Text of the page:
BitRiver And Russian Oil Giant Team Up To Power Data Centers
The third-largest oil producer in Russia has joined forces with BitRiver, a bitcoin mining business based in Switzerland, to mine bitcoin utilizing spare resources.
BitRiver will construct the digital infrastructure at the Russian oil fields of Gazpromneft as part of a new partnership. Associated petroleum gas, a kind of natural gas found in oil deposits, will be used to generate the power needed to make crypto.
Gazpromneft will provide energy to BitRiver’s data centers, under an agreement struck at the St. Petersburg International Economic Forum on Friday.
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According to a statement, these energy sources will be located in either new oil wells where the transportation infrastructure has yet to be established, or in remote fields with high transportation requirements.
Notably, BitRiver is not a new player in Russia’s power industry. The 2017-founded bitcoin miner has a 100-megawatt data center powered by renewable energy in Bratsk, Siberia.
BitRiver, First Crypto Mining Company Santioned By US
In April of this year, the U.S. Treasury Department added BitRiver to the Office of Foreign Asset Control (OFAC) list, alleging that the crypto mining company is aiding “Putin’s brutal war of choice.”
BitRiver became the first cryptocurrency mining company to be sanctioned after Russia’s invasion of Ukraine in February of this year.
OFAC further asserts that the crypto mining firm assists Russia in “monetizing its natural resources.” The company has described the action as anti-competitive and unfair and has announced its intention to press charges against the United States government.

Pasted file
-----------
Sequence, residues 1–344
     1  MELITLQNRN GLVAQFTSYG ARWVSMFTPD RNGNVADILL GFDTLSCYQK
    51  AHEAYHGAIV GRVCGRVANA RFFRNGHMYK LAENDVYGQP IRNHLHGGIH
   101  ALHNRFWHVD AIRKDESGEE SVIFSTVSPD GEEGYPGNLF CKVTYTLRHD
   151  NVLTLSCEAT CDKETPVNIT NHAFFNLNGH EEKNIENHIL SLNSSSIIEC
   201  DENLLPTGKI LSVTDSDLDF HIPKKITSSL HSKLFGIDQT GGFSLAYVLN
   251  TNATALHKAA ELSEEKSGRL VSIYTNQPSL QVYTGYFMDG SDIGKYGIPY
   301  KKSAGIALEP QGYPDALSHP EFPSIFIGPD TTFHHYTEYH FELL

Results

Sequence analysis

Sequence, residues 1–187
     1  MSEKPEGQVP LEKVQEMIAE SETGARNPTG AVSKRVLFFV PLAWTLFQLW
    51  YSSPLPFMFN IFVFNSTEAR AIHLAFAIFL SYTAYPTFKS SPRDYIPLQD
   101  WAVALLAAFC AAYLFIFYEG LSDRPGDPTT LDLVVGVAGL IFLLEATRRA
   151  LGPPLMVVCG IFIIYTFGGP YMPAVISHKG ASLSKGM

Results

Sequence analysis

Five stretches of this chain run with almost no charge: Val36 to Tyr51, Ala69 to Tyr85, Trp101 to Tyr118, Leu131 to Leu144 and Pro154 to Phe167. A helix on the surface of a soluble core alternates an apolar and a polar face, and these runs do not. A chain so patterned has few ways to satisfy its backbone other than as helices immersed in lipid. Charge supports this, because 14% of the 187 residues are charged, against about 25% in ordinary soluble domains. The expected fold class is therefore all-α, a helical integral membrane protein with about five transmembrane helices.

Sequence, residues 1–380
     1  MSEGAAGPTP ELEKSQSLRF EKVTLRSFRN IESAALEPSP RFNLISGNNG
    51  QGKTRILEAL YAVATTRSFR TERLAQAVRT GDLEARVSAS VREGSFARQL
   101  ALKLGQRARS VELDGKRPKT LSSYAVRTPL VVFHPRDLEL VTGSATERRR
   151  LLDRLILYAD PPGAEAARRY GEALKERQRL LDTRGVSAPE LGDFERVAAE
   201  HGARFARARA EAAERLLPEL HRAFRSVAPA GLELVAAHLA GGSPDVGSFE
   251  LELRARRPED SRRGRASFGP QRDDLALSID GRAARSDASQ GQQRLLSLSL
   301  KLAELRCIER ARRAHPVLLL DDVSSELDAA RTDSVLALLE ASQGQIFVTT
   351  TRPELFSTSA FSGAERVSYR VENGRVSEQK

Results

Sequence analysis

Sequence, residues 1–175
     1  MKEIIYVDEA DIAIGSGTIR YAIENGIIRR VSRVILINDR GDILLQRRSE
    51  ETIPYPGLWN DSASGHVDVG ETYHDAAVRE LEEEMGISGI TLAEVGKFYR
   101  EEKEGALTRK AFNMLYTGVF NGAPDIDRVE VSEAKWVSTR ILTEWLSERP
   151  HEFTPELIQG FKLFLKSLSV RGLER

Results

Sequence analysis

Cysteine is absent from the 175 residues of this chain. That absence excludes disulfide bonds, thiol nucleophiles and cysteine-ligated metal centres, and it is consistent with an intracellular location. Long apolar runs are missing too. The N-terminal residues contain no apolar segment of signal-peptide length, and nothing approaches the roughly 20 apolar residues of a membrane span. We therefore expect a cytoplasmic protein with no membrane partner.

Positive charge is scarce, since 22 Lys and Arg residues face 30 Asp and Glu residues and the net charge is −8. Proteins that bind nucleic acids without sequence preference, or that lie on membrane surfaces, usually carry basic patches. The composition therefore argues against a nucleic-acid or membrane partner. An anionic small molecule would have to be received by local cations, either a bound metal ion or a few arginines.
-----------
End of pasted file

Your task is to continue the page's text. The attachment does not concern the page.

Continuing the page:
Gazpromneft’s business strategy does not include digital currencies, but the oil giant is searching for alternatives that would enable the “beneficial use” of the related gas produced during oil extraction.
Igor Runets, founder and CEO of BitRiver, stated in a memorandum of agreement (MOA):
“Within the next two years, BitRiver plans to implement initiatives to build its own data centers for power-intensive computing with power scaling up to 2 gigawatts, including petroleum gas, which will also provide high and consistent power consumption.”
Although Gazpromneft and BitRiver’s relationship is novel, they were not the first to adopt this concept.
In March of this year, it was announced that Exxon Mobil, the largest U.S. oil company, was testing bitcoin mining operations. Exxon apparently desired to reduce its surplus of burnt gas.
Meanwhile, it remains to be seen if BitRiver’s flared natural gas processes are profitable. JPMorgan analyst Nikolaos Panigirtzoglou projects that the cost of mining one Bitcoin (BTC) has increased to $15,761, resulting in lower profitability for BTC miners as the cryptocurrency’s price drops below $19,000 at press time.
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